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Nancy Mize, Hyseq s Associate Director of Protein Bioinformatics


AT A GLANCE: Holds a PhD in cell and molecular biology from the University of California, San Francisco. Did postdoctoral studies at the European Molecular Biology Laboratory and Genentech. Interests include volleyball, Baroque music, and skiing.

Q Where will bioinformatics be in two years? Five years?

AHigh-throughput experimental methods are evolving rapidly in many areas of biology, including differential gene expression, cell-based assays, and proteomics, among others. The integration of these scientific disciplines will require bioinformatic processing and this trend will continue beyond the next five years.

Bioinformatic scientists will compile and filter this information to elucidate networks of gene and protein interactions and cellular mechanisms of disease. Computer simulated systems will become useful over the next 10 years: simulated metabolism, ADME (absorption, distribution, metabolism, and excretion), simulated cells and cell networks, and perhaps computer simulations of humans.

Q What are the biggest challenges bioinformatics must overcome?

A The biggest challenges at present are determining gene functions and interactions. Currently, sequence searching methods, including Blast, motif matching, and various sequence-based algorithms predict function for approximately half of the known genes.

At Hyseq, we are also assigning function to additional groups of genes using high-throughput structure searching methods, that is, three-dimension structural modeling of amino acid sequences corresponding to known gene sequences. Evolutionarily, protein structure and function are more conserved than sequence, and therefore protein structure, especially of the active site, may be more useful for predicting gene function than sequence.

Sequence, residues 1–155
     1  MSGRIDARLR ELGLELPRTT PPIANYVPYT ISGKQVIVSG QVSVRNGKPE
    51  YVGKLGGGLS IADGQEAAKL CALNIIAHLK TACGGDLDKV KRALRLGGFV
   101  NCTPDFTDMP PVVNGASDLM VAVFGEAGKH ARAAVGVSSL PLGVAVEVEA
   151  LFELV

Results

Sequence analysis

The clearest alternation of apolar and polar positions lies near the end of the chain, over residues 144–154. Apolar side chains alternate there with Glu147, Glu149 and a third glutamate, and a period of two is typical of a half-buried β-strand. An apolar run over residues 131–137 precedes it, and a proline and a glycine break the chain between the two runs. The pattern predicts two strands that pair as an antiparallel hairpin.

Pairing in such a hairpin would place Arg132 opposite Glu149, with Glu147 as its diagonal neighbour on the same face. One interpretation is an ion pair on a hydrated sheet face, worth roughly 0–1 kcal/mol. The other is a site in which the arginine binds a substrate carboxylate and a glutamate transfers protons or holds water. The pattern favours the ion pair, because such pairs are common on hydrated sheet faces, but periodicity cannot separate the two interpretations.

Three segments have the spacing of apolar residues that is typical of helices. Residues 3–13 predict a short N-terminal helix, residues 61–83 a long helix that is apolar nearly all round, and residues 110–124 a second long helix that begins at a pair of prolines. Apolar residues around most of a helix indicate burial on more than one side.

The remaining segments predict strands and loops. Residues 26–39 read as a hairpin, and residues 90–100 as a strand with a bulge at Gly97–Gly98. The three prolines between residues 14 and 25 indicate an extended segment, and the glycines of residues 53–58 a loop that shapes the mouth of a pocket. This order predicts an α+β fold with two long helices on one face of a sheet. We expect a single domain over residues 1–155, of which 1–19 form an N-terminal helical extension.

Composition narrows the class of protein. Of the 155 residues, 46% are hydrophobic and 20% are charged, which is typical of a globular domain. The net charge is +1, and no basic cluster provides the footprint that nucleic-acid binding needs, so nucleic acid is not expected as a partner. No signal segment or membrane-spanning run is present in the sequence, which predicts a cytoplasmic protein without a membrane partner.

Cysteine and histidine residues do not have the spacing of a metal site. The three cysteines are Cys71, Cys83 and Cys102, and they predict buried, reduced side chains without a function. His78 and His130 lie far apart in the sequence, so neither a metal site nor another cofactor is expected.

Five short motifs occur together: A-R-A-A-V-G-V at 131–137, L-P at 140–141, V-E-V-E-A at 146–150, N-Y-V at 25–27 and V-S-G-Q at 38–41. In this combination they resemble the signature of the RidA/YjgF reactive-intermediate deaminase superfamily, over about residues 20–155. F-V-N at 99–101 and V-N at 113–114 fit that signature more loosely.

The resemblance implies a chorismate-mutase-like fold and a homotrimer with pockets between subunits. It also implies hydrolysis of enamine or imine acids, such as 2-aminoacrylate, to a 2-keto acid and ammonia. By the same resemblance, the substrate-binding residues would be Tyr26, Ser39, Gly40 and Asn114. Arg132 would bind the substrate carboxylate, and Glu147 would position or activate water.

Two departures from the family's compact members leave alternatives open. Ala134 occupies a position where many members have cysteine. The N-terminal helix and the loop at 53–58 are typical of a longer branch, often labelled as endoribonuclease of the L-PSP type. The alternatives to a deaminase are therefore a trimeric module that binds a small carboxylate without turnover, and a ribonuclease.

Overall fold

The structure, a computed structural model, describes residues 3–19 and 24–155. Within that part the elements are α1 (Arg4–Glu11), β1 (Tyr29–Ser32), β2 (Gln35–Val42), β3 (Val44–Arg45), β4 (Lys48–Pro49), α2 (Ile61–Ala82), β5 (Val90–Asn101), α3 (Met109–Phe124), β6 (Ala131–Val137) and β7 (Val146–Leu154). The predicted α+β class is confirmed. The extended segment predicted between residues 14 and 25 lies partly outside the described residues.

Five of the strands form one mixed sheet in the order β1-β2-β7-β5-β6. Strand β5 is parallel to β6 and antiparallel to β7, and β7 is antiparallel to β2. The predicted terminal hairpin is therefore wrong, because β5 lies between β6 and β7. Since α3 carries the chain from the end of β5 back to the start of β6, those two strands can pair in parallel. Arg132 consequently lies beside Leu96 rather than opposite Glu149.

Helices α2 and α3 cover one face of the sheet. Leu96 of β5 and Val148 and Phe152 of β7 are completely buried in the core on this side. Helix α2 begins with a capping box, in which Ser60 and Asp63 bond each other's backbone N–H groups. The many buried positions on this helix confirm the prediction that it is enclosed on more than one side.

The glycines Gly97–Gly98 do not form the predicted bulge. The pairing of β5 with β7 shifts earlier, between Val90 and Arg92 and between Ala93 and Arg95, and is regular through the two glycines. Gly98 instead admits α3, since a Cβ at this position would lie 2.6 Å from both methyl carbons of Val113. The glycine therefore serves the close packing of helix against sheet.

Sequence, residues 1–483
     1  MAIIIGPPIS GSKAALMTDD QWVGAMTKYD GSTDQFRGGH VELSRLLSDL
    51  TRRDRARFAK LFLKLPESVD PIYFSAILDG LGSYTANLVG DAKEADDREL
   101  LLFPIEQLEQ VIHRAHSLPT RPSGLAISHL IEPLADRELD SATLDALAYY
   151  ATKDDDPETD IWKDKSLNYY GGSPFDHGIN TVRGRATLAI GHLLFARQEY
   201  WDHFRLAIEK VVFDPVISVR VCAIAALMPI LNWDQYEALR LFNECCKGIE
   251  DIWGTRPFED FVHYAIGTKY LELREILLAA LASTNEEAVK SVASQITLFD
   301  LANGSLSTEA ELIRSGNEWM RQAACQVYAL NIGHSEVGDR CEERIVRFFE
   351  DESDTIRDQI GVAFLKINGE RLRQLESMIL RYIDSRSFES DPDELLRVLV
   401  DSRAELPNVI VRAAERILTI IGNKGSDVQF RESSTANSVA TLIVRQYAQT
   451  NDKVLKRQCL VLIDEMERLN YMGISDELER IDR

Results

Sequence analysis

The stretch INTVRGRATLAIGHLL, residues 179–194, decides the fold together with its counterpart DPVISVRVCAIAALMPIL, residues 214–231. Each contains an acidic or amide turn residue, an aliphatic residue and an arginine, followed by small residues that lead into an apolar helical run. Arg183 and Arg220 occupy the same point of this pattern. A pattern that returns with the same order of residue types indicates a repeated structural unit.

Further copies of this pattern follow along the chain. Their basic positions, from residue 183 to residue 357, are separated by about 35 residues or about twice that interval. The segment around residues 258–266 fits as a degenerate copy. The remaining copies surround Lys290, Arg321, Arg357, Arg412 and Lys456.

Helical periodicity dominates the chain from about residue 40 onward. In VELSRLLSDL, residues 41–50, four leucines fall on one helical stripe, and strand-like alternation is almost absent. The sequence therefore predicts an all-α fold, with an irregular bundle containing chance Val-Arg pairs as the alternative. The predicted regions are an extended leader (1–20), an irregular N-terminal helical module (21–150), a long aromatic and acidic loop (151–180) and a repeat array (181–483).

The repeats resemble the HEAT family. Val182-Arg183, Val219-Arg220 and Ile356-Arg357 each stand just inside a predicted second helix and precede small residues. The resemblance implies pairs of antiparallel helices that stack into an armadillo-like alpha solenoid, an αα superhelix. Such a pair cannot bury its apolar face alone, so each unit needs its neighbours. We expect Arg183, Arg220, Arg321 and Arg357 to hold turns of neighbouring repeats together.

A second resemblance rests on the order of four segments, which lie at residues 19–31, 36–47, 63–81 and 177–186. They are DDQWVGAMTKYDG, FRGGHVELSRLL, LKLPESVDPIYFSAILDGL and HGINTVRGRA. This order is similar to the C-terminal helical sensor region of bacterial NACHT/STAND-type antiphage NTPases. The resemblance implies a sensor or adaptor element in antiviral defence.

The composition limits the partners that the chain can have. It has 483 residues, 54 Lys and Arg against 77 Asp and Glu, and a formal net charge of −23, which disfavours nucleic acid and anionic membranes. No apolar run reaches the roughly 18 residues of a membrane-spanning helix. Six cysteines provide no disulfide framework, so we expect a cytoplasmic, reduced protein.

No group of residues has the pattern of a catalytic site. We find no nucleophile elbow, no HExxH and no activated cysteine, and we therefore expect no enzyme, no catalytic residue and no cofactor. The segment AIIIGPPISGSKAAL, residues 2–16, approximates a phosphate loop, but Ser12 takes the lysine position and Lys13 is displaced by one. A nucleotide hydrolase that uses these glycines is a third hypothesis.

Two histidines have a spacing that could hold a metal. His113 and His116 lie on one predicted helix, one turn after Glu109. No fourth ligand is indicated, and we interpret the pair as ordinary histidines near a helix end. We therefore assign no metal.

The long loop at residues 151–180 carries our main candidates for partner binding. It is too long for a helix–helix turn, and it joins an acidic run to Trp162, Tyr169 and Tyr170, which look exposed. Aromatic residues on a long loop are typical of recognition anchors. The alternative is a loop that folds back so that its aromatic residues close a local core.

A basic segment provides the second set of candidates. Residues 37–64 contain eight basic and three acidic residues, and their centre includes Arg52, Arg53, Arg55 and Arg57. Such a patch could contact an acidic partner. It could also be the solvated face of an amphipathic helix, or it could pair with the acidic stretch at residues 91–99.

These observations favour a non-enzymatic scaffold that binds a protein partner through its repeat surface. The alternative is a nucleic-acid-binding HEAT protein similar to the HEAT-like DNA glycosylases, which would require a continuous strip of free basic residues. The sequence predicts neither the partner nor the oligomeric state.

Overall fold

The Structural Genomics Initiative expects to have completed protein structures of 10,000 genes within five years, so that all others may be modeled from this initial set. Bioinformatic scientists will continue to assign functions to novel genes by integrating information from 3D protein structure, gene expression experiments, high-throughput cell-based assays, and new datasets of proteins found in serum and spinal fluid, for example. This integrated information is useful for developing assays for further wet laboratory experiments, and therefore it is essential that bioinformatic scientists work closely with research and development biologists for better results.

Q What hardware do you use?

A Linux, Sun Microsystems, and SGI. We use predominantly Linux boxes for rapid, high-performance computational solutions.

Q Which databases do you use?

A Currently at Hyseq, we utilize the public databases and our proprietary databases of sequences detected using our hybridization and clustering technologies.

Q What bioinformatics software do you use?

A Hyseq uses in-house software for data analysis and annotation of sequences. We also use software from some outside sources including Molecular Simulations for high-throughput protein structure modeling.

Q How is your bioinformatics unit organized within the framework of the company?

ACurrently, Hyseq’s bioinformatics division encompasses expertise in many areas, including analysis of gene expression data, development of novel predictive algorithms, protein structure/function and modeling, statistics, mathematics, molecular biology, software development, database development, and image analysis. We are always looking for exceptional computational biologists to join Hyseq’s bioinformatics division.

Q What non-existing technology do you most wish you had?

A Software for prediction and analysis of multiple protein-protein and gene interactions.

Q What projects are you working on now?

AWe are working closely with the data analysis group to utilize Hyseq’s extensive gene expression data, and we are modeling 3D protein structures and assigning functions for novel genes from our database.

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